Towards a Global Social Contract: The Challenge of Hard Times

Lucie White
Publication date: 
Tue, 2 Mar 2010

Global inequality has risen in recent years, even in circumstances where aggregate growth rates have risen.

In the recent global recession, developed nations have strengthened their own safety nets while cutting development assistance to poor nations. This approach reflects a response to the genuine needs of these countries’ own citizens, but it has ignored the compelling claims of people outside of the boundaries of the wealthy nations.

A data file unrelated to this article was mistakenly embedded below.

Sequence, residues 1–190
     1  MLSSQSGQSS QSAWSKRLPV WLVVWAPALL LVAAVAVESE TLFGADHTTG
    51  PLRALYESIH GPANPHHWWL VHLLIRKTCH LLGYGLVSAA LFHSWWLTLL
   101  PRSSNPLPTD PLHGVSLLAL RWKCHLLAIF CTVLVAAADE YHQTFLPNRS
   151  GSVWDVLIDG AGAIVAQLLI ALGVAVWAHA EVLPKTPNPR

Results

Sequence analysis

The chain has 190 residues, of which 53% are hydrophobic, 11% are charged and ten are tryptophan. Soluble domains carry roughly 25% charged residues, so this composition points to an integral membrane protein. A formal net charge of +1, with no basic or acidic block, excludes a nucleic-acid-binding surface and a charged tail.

Thus, the policy question confronting wealthy nations is not whether those nations should join with poor nations in a new global social contract. Rather, it is how this new contract can respond to the claims of the citizens of both rich and poor nations to decent lives and secure futures.
Several methods of cross-class political dialogue can guide wealthy democracies as their social contracts shift toward a global approach.